The latest tech boom has been inflating commercial rents all across the Bay Area, but nowhere have the impacts been as acute as in San Francisco. The increases are certainly welcome news to the city's commercial landlords, but non-profits, small businesses, and startups are getting pushed out by rents they can't afford.
In 2010, when the average rent for top grade office space fell to $34.02 a square foot, there were 22 blocks—real estate lingo for office spaces of 100,000 square feet or more—on the market. The city scrambled to alter its local tax laws to keep Twitter in town and generally worked to make itself more attractive to tech companies.
Today, with San Francisco displacing Silicon Valley as the location of choice for many tech companies, the average price per square foot for so-called Class A office space in San Francisco is $64.45, according to the real estate company CBRE. That's close to the dot-com bubble peak of $67.20 in the third quarter of 2000.
San Francisco's office vacancy rate has plummeted to 7.8 percent as tech firms have gobbled up available real estate. According to a report from Cassidy Turley, a commercial real estate firm, just six companies are accountable for the bulk of leasing activity. Google, Salesforce, LinkedIn, Twitter, Dropbox, and Uber have all signed leases in the past six months for two million additional square feet of space—offices that could house more than 12,000 new employees.
Non-profits are being especially hit hard by the increases. Around San Francisco's Mid-Market neighborhood—a longtime home to non-profits serving the disadvantaged—landlords are cashing in the area's tax breaks and tech charm.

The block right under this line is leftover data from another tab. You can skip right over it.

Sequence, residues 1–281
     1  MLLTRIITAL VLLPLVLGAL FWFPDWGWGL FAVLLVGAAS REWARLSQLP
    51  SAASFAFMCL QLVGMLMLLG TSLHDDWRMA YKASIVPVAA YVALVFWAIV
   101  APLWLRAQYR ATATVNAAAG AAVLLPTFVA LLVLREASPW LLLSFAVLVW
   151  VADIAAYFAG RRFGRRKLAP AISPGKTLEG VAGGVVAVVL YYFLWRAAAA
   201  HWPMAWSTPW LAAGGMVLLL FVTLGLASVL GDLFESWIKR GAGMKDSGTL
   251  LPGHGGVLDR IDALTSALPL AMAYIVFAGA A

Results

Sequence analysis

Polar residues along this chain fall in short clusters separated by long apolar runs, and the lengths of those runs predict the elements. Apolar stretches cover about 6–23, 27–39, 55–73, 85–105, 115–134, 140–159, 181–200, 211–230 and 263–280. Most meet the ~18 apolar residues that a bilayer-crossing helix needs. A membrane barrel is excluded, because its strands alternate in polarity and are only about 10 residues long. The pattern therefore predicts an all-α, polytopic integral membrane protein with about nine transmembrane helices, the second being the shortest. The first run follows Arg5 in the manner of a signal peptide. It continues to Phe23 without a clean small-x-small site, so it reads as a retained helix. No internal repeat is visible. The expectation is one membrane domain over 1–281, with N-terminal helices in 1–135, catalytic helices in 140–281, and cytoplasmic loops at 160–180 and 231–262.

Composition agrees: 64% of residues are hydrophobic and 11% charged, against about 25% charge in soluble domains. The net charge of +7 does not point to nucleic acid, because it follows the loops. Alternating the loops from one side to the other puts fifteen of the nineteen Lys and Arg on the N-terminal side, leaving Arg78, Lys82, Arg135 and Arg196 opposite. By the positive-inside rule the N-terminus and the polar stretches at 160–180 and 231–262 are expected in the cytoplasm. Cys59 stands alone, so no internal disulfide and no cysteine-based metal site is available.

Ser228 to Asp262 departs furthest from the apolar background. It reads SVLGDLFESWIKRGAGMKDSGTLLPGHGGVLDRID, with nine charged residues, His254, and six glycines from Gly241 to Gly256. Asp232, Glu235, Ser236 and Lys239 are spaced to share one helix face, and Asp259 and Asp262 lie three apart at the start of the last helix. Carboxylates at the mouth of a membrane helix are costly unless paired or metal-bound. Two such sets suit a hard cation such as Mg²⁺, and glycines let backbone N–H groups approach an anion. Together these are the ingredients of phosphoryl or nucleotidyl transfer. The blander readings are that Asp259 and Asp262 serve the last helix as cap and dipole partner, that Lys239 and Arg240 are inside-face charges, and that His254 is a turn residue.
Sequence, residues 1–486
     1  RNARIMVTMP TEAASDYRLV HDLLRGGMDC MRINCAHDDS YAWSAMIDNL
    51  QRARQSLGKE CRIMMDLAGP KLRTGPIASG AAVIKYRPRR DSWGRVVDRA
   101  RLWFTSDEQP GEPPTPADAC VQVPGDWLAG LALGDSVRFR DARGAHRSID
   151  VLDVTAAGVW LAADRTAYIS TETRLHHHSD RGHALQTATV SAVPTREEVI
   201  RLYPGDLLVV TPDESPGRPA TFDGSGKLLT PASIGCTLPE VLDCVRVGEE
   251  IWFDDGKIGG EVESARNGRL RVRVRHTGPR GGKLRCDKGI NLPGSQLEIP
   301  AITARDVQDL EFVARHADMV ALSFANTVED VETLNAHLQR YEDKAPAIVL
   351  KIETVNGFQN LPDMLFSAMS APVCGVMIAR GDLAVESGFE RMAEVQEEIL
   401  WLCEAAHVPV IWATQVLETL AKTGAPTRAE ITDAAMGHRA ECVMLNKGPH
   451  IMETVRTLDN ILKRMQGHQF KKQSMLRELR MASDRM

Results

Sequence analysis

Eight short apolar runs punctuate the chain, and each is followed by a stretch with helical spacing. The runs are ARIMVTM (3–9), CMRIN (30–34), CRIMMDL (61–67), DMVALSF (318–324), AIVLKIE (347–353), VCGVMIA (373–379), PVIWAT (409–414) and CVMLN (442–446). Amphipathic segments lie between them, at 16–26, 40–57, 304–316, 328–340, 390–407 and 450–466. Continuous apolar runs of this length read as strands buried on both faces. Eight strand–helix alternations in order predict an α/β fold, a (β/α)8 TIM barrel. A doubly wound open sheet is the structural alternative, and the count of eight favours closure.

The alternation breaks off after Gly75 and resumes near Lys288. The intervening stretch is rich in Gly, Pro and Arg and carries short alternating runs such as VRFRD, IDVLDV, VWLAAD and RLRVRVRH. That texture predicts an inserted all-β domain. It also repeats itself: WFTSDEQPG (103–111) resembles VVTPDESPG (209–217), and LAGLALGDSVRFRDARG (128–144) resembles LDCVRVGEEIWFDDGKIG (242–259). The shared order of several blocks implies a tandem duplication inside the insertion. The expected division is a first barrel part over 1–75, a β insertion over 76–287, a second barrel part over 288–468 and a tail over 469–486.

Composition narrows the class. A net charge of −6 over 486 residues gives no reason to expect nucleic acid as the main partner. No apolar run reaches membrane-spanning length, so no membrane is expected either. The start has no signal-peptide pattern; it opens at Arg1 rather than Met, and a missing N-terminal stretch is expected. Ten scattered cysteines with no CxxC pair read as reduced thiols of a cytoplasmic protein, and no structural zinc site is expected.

One non-profit, the In-Home Supportive Services Consortium, recently had their rents raised from $18 to $45 per square foot. According to the San Francisco Chronicle, the only way for the organization to stay in the city was to move into a basement with no windows.
"They are turning our old offices into tech space. I get it - everybody wants to be across the street from the Twitter building," at Market and 10th streets, [Deputy Director Mark Burns] says. "As much as we hate to be underground, I feel fortunate to be here for the next 10 years."
The problem is only expected to get worse, despite a wave of new commercial construction slated to open in late 2015. Most of those units are already pre-leased by tech's biggest companies. And because of that, Cassidy Turley anticipates the vacancy rate will fall to 5.0% by early next year—only causing rents to climb higher.